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Best States for Nonprofits (January 2023)

Updated: Feb 13

You often hear about which states are best or toughest for businesses with regard to taxation, regulation, complexity of starting up, etc. Various organization conduct such studies and with relative frequency. But the same isn't true for the nonprofit sector. The Philanthropy Roundtable has stepped into this gap in analysis with "The 50-State Index of Charity Regulations."


The analysis looks to five indicators in ranking the states: start-up regulations, annual reporting and filing regulations, paid solicitor regulations, audit requirements, and oversight regulations. Some of the results might not be surprising if you're of the belief that state treatment of nonprofits probably tracks closely to state treatment of for-profits. If that's what you have in mind, then Texas (ranked 10th) and California (ranked 42nd) are probably unsurprising. But you might be surprised by some of them (for example, Vermont at 11th, Florida at 49th).


Interestingly, California is in the middle as it comes to audit requirements (27th) and oversight regulations (25th), but dead last in annual reporting/filing.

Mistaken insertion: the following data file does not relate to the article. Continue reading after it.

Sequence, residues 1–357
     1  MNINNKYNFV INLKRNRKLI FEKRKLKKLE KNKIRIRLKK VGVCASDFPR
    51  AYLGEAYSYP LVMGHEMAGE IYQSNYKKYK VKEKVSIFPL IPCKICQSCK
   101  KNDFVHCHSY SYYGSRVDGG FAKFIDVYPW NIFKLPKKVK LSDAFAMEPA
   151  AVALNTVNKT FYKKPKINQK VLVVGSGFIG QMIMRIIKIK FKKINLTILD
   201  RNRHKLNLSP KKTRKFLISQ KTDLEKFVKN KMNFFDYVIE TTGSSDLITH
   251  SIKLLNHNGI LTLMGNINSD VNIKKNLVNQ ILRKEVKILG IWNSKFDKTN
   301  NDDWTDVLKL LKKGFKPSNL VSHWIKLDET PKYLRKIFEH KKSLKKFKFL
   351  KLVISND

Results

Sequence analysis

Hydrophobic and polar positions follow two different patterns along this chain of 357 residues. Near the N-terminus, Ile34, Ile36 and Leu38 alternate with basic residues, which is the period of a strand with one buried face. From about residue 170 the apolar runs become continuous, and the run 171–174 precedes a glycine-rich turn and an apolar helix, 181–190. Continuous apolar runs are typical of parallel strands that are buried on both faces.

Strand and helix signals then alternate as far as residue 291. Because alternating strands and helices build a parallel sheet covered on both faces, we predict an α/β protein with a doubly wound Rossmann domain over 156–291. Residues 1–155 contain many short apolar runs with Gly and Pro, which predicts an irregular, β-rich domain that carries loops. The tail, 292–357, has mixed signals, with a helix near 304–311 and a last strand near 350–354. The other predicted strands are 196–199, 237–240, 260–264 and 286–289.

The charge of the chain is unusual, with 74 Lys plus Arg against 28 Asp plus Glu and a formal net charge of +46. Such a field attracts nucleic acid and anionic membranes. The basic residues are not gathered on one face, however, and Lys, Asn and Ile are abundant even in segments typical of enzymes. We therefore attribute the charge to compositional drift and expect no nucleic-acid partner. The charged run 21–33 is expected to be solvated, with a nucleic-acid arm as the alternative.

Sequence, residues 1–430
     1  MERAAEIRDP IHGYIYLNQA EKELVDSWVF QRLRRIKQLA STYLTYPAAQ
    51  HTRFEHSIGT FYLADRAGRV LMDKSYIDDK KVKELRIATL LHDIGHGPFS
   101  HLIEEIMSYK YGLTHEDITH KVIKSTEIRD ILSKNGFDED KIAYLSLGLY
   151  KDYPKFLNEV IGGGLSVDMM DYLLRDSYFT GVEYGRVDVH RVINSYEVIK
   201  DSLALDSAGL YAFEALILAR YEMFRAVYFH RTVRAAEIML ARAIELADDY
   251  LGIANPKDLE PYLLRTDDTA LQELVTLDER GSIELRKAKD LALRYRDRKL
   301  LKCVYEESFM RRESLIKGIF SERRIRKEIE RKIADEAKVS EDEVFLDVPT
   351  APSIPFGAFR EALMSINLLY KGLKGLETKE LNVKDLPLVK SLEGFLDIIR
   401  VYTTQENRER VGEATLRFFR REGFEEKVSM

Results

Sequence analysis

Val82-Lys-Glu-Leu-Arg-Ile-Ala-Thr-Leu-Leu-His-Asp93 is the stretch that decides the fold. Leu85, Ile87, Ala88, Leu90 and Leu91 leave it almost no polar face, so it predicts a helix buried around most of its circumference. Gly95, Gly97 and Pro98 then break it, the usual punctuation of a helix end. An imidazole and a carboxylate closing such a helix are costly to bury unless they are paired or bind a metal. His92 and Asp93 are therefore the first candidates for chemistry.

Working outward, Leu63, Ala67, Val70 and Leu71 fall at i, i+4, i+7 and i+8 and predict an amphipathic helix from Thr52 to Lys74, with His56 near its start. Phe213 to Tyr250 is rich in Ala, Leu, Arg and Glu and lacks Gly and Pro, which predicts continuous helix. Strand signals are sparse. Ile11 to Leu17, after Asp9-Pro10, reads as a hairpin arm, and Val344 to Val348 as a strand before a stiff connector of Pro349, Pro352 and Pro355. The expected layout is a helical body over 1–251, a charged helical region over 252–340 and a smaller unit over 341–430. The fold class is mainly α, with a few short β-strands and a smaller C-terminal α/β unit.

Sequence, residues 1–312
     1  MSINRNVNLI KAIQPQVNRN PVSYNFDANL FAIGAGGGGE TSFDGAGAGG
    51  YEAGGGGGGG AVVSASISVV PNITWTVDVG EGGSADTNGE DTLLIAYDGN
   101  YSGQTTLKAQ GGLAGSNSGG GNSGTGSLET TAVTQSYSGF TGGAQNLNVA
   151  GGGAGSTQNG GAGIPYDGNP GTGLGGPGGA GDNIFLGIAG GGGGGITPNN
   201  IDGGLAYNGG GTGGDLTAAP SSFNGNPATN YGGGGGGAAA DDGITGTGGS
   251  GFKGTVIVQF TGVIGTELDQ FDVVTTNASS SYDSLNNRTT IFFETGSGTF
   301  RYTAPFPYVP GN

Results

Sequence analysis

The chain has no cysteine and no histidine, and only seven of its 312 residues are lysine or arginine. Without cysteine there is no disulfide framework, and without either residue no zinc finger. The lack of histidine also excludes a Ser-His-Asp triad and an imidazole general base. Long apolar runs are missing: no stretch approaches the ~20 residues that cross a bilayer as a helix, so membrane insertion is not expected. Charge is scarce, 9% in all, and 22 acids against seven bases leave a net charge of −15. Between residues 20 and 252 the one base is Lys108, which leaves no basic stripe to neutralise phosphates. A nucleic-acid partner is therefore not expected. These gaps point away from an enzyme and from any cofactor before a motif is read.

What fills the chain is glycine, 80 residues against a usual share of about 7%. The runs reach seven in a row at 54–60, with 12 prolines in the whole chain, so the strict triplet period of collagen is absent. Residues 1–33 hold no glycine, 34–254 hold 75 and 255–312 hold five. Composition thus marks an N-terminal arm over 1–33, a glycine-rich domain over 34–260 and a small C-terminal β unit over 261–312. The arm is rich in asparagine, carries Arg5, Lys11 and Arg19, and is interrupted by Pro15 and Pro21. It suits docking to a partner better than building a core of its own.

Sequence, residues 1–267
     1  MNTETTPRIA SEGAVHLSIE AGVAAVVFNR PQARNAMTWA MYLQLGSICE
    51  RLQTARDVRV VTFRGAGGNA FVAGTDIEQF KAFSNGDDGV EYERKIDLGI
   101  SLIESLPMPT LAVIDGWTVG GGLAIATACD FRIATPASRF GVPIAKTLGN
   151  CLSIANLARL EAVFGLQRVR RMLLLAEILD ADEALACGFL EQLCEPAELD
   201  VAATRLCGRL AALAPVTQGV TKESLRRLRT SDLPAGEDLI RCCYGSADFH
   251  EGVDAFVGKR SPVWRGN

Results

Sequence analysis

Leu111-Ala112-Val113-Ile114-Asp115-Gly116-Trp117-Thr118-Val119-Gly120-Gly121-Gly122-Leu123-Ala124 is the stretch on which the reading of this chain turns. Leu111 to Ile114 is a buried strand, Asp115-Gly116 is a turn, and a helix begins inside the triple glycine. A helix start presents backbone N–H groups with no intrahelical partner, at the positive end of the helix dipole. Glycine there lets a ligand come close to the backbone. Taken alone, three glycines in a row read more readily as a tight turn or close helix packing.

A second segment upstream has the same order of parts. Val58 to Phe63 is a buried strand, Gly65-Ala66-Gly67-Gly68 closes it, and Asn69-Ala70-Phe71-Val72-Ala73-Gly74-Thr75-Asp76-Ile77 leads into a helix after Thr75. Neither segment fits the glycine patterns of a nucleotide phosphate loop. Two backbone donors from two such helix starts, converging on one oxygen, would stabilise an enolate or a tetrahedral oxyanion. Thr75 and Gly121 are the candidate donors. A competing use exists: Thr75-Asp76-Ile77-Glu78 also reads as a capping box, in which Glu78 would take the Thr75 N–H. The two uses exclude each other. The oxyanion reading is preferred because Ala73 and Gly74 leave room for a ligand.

Texas ranks first with regard to audit requirements and oversight regulations, and its lowest (at 19th) is start-up regulations. This is also interesting because, as I'll address in a future post (and touched on here), forming a Texas nonprofit is not that complicated.


The report finds that there is "...a strong correlation between the states that impose more burdensome regulatory environments and the vibrancy of the charitable sector." "The states with a less burdensome regulatory environment (a lower ranking number) tend to have more charitable organizations per billion dollars of GDP."


It's worth noting that the Philanthropy Roundtable generally advocates for fewer regulations on nonprofits, so keep this in mind when reviewing the report. In any event, it is both interesting and likely to lead to other organizations doing the same.


HT: This news was originally brought to my attention by the Nonprofit Law Prof Blog.

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